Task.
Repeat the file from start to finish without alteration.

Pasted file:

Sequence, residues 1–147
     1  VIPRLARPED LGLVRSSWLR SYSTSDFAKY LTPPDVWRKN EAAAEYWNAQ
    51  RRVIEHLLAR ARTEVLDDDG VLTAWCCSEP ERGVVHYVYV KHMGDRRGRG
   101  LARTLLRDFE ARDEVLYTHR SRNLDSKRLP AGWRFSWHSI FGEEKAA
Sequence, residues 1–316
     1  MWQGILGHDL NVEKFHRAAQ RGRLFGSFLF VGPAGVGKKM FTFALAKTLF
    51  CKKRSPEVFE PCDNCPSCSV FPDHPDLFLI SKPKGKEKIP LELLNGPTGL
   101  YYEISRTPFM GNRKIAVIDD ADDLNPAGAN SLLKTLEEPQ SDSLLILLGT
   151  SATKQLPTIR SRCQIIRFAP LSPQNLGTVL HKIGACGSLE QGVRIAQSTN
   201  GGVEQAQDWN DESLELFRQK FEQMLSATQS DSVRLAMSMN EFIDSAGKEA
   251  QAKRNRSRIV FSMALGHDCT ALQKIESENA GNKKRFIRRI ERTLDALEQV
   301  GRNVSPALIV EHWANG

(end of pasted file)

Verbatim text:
Sequence, residues 1–147
     1  VIPRLARPED LGLVRSSWLR SYSTSDFAKY LTPPDVWRKN EAAAEYWNAQ
    51  RRVIEHLLAR ARTEVLDDDG VLTAWCCSEP ERGVVHYVYV KHMGDRRGRG
   101  LARTLLRDFE ARDEVLYTHR SRNLDSKRLP AGWRFSWHSI FGEEKAA
Sequence, residues 1–316
     1  MWQGILGHDL NVEKFHRAAQ RGRLFGSFLF VGPAGVGKKM FTFALAKTLF
    51  CKKRSPEVFE PCDNCPSCSV FPDHPDLFLI SKPKGKEKIP LELLNGPTGL
   101  YYEISRTPFM GNRKIAVIDD ADDLNPAGAN SLLKTLEEPQ SDSLLILLGT
   151  SATKQLPTIR SRCQIIRFAP LSPQNLGTVL HKIGACGSLE QGVRIAQSTN
   201  GGVEQAQDWN DESLELFRQK FEQMLSATQS DSVRLAMSMN EFIDSAGKEA
   251  QAKRNRSRIV FSMALGHDCT ALQKIESENA GNKKRFIRRI ERTLDALEQV
   301  GRNVSPALIV EHWANG